NASA remain puzzled by the identification of four perfect holes, sitting side by side on the surface of Pluto.
The latest pictures from released by NASA confirm the unexplained mystery.
Just days ago the US Space Agency released the latest images of the spots, saying: “Three billion miles from Earth and just two and a half million miles from Pluto, NASA’s New Horizons spacecraft has taken its best image of four dark spots that continue to captivate.
“The spots appear on the side of Pluto that always faces its largest moon, Charon.”
Unfortunately, we are not going to get any closer views than those released on Saturday, as it was the face that was invisible to New Horizons as it passed Pluto at the closest point yesterday.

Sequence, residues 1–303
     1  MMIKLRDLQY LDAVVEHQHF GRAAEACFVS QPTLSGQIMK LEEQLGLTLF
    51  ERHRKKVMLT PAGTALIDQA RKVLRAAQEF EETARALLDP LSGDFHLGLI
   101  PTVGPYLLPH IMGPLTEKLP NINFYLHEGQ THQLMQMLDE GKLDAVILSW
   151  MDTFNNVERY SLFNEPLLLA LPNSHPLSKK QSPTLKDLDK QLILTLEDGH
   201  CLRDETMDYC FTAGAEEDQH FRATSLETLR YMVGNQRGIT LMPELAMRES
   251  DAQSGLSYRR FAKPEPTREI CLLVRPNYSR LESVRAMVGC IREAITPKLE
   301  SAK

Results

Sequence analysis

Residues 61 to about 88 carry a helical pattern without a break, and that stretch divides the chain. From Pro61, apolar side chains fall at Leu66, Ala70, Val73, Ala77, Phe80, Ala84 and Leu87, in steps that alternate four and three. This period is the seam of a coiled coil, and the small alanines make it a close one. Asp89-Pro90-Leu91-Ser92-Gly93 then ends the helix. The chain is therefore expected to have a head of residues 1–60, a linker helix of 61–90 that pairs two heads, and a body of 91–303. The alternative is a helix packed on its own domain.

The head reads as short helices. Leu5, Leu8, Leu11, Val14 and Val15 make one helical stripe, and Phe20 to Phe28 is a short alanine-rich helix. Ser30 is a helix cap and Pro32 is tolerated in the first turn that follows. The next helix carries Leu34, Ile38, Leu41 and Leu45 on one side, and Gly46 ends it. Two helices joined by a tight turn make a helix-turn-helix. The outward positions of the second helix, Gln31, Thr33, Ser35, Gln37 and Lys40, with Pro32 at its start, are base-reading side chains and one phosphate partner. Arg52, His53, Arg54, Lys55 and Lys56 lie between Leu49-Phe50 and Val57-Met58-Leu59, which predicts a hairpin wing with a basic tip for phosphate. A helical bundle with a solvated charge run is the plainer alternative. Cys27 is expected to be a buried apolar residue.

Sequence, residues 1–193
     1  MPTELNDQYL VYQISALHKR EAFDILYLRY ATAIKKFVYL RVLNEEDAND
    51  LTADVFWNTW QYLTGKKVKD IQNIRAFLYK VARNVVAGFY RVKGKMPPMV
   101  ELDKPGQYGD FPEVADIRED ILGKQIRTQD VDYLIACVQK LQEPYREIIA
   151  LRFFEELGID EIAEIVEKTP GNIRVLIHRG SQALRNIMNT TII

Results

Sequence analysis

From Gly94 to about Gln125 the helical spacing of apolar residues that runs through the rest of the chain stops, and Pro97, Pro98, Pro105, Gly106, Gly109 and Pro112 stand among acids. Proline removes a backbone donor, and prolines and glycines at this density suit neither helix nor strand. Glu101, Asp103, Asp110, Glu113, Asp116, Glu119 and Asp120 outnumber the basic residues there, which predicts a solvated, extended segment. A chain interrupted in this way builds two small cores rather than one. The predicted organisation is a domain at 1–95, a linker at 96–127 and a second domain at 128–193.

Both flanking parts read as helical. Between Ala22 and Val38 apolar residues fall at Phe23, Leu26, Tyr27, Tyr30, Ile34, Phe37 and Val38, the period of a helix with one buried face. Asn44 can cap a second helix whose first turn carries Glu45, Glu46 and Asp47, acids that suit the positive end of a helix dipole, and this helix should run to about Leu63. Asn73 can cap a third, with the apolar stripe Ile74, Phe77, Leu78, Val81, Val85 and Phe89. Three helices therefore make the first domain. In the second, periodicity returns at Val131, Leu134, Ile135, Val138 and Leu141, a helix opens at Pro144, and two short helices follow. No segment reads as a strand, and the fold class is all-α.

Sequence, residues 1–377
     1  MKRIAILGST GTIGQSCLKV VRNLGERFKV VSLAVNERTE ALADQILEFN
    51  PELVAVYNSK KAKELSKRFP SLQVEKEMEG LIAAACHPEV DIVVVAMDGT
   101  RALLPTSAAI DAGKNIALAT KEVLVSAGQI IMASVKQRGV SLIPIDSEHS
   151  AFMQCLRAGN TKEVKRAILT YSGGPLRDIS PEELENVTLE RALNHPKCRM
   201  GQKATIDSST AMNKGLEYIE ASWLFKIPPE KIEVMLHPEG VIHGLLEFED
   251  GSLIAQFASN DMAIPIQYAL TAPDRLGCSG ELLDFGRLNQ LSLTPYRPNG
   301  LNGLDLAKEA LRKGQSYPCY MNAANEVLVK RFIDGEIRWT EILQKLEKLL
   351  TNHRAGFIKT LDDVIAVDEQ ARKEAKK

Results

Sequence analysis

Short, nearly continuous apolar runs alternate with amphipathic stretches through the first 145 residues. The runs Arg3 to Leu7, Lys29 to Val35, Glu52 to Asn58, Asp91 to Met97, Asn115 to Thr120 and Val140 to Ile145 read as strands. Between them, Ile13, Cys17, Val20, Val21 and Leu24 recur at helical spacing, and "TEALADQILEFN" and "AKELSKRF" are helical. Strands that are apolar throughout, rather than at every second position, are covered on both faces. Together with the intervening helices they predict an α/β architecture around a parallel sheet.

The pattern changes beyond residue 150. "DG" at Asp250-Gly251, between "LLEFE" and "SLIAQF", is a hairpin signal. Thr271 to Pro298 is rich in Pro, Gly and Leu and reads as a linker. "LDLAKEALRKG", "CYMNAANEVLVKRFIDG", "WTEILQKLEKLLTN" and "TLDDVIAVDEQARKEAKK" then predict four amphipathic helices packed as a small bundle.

Alan Stern, of the Southwest Research Institute, Boulder, Colorado, described the image as “the last, best look that anyone will have of Pluto’s far side for decades to come.”
The spots are connected to a dark belt that circles Pluto’s equatorial region.
What continues to pique the interest of scientists is their similar size and even spacing.
“It’s weird that they’re spaced so regularly,” said New Horizons program scientist Curt Niebur at NASA Headquarters in Washington.
Jeff Moore of NASA’s Ames Research Center, Mountain View, California, added: “We can’t tell whether they’re plateaus or plains, or whether they’re brightness variations on a completely smooth surface.
“The large dark areas are now estimated to be 300 miles across, an area roughly the size of the state of Missouri. In comparison with earlier images, we now see that the dark areas are more complex than they initially appeared, while the boundaries between the dark and bright terrains are irregular and sharply defined.”